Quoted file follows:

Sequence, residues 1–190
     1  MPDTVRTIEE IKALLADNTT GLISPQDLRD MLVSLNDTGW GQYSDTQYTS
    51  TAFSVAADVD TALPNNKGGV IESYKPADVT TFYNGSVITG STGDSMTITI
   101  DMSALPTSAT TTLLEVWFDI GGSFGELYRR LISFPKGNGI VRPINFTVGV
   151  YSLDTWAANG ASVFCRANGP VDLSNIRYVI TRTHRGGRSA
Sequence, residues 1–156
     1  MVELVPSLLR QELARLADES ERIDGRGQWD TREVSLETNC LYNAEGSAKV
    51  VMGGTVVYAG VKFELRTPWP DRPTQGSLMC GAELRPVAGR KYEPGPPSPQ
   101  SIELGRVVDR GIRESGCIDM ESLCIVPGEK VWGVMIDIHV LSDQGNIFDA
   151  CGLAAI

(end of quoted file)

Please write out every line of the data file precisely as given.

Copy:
Sequence, residues 1–190
     1  MPDTVRTIEE IKALLADNTT GLISPQDLRD MLVSLNDTGW GQYSDTQYTS
    51  TAFSVAADVD TALPNNKGGV IESYKPADVT TFYNGSVITG STGDSMTITI
   101  DMSALPTSAT TTLLEVWFDI GGSFGELYRR LISFPKGNGI VRPINFTVGV
   151  YSLDTWAANG ASVFCRANGP VDLSNIRYVI TRTHRGGRSA
Sequence, residues 1–156
     1  MVELVPSLLR QELARLADES ERIDGRGQWD TREVSLETNC LYNAEGSAKV
    51  VMGGTVVYAG VKFELRTPWP DRPTQGSLMC GAELRPVAGR KYEPGPPSPQ
   101  SIELGRVVDR GIRESGCIDM ESLCIVPGEK VWGVMIDIHV LSDQGNIFDA
   151  CGLAAI